Cornbread Success

IMG_0996When it comes to cornbread, I have inexplicably high standards.  As bizarre as it sounds, I think this can be traced back to the summer I was a college intern at the National Museum of American History in DC (now hear me out…).  I was a young nerd with the power to wield a whopping 10% discount in the museum’s cafeteria with my intern ID.  And with that power, I often purchased cornbread from the “Southern” part of the cafeteria – each section was dedicated to a region of the United States, honoring the American History theme and all.  Don’t ask me why, but it still is the BEST cornbread I’ve ever eaten.  I can’t say it was authentic.  (I’m sure if I were to go eat at the New York deli section today I’d be horrified.)  But it was buttery and greasy and addictive.

A disappointingly dry cornbread from last year.

So anyway, ever since that summer, I’ve had the expectation that cornbread should taste just like that piece of museum cafeteria goodness.  And while I’ve found a few places here and there that come close (One such contender – I kid you not – was the American Museum of Natural History staff cafeteria.  Maybe I just have a museum food obsession?), I’ve never been able to make it myself.  I’ve tried at least 4 or 5 cornbread recipes over the years and they are always dry – and often far too salty.  It got to the point where I stopped making it.

And then last week Mark suggested we have cornbread with our chili.  In need of a blog post topic, I agreed to get back out there and find a better cornbread recipe.

I looked back at my past failures and noticed that almost all of them called for a similar buttermilk-based batter.  So I went in search of something totally different.  I landed on a recipe for Manchego Jalapeno Cornbread on Epicurious.  I had no intention of adding manchego or jalapeno to my cornbread.  But I was interested in the use of milk and vegetable oil, as opposed to buttermilk.  Some of the reviewers noted that the bread had a tendency to be a bit greasy – after a string of dried-out breads, I was willing to risk grease.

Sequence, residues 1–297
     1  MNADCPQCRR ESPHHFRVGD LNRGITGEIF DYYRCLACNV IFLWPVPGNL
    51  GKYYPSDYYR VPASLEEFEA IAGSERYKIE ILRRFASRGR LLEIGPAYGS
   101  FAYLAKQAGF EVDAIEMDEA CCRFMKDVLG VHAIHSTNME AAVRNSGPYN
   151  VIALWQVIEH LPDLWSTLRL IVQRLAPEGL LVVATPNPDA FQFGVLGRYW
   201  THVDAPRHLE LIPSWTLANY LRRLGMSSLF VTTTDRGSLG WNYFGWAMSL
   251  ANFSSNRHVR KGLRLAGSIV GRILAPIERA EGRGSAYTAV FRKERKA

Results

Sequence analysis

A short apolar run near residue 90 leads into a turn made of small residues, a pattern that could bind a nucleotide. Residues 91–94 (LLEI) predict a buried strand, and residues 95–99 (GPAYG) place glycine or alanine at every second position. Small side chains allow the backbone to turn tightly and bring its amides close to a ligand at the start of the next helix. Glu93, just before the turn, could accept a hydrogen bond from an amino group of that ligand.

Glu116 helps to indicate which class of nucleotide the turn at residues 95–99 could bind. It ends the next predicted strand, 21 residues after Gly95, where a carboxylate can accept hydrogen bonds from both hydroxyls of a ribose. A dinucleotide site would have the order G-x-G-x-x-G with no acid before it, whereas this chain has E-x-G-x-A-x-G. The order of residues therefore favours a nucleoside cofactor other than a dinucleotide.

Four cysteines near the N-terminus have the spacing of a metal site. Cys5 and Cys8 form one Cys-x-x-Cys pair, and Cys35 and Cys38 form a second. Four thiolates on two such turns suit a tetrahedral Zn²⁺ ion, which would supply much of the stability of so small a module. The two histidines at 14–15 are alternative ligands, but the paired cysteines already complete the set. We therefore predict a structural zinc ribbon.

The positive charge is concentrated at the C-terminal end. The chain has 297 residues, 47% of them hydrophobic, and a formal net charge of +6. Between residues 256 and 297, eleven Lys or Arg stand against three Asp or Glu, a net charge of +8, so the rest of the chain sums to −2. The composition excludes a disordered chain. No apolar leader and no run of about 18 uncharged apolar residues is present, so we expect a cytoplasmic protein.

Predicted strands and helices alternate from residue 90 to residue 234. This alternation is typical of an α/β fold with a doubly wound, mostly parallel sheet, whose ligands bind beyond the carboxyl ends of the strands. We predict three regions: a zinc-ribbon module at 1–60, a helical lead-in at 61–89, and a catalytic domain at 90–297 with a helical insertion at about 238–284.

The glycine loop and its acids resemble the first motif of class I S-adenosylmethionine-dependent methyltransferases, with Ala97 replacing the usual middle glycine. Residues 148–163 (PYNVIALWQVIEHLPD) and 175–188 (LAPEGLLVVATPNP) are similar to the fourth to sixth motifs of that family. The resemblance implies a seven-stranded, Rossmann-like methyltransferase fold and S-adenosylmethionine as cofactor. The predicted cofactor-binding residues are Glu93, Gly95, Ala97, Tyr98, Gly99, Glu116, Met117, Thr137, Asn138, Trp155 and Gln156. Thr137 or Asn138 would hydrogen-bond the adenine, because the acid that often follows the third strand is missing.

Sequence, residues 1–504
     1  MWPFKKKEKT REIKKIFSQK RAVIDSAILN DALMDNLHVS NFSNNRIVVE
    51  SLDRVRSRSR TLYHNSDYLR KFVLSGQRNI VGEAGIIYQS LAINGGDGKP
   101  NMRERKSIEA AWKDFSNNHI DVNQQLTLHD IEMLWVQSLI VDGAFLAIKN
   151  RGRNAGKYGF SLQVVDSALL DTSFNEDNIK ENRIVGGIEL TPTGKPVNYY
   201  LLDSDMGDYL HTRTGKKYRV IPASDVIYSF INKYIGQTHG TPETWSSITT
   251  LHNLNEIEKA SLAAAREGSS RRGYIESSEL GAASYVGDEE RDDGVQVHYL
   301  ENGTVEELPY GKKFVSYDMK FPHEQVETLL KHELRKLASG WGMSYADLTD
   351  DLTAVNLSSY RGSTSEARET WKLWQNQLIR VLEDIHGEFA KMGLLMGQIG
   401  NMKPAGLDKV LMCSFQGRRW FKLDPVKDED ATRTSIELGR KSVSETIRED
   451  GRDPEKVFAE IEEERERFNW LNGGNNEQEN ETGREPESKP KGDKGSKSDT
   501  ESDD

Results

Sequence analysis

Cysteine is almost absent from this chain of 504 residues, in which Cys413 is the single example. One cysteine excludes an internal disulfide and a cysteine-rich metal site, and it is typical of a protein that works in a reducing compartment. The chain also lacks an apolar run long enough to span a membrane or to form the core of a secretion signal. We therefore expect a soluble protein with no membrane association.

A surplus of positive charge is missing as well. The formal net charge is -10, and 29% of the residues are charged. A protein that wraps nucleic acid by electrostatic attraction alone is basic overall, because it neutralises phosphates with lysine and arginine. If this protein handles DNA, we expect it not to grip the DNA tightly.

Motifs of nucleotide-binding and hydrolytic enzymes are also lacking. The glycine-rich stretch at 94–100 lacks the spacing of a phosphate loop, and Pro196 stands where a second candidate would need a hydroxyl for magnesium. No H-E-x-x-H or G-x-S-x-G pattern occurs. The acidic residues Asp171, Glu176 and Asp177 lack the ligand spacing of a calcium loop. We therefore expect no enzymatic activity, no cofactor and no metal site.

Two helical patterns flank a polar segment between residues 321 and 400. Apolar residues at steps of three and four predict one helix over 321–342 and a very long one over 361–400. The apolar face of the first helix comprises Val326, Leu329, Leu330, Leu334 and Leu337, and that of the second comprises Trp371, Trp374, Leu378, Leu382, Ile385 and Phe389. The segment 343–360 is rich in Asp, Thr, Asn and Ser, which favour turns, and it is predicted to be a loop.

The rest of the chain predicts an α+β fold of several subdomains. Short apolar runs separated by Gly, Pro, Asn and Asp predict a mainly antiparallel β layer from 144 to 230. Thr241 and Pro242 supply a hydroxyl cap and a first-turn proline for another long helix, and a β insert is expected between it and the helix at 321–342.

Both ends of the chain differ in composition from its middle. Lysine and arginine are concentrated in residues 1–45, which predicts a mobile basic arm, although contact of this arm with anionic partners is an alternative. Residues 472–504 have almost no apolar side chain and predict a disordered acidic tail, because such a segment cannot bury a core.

The recipe itself was quite simple, grease a baking dish (I used my favorite square pyrex), mix everything together in a bowl, and pour it into the dish.  Since I was omitting manchego and jalapeno, I decided to throw in some shredded cheddar – just to make sure it had flavor.  Other than that, I followed the recipe exactly.

IMG_1589For 20 minutes, I waited anxiously for the results.  And I was pleasantly surprised.  It was light, moist and not greasy at all.  The cheese taste was practically non-existent and the flavor could have used a jalapeno kick, but it was – by far – my best cornbread to date.  Maybe not as good as the ol’ Museum of American History, but good none-the-less.

IMG_1593Mark and I each had two pieces with dinner, and saved the rest for later in the week.

Flash forward two nights later.

I had come home from an evening dance class and was eating leftover chili and watching Delocated (our new obsession) with Mark.  I had left the cornbread – still in the pyrex – on our high counter… just in case I wanted another piece.  Suddenly, without warning, we heard a loud BANG.  Upon running into the kitchen, we saw the cornbread-filled pyrex (miraculously intact and still upright) on the floor and Colby, our one year-old cat, helping himself to a second dinner.

It should be noted that up until this time, Colby has never climbed onto the high counter.  Which suggests that he too LOVES my new cornbread.  On the other hand, he doesn’t have the highest standards.  I once caught him sneaking a bite of not-so-successful polenta, so maybe he just really likes corn (see photo evidence of polenta eating to the left).

After issuing a good scolding, I couldn’t help but laugh and kick myself.  I laughed because I have absolutely no idea how he managed to get the pyrex on the floor in one piece.  And I kicked myself because I missed a great photo-op for the blog – sadly you’ll just have to look at this cute face and picture the scene for yourself.    IMG_1564


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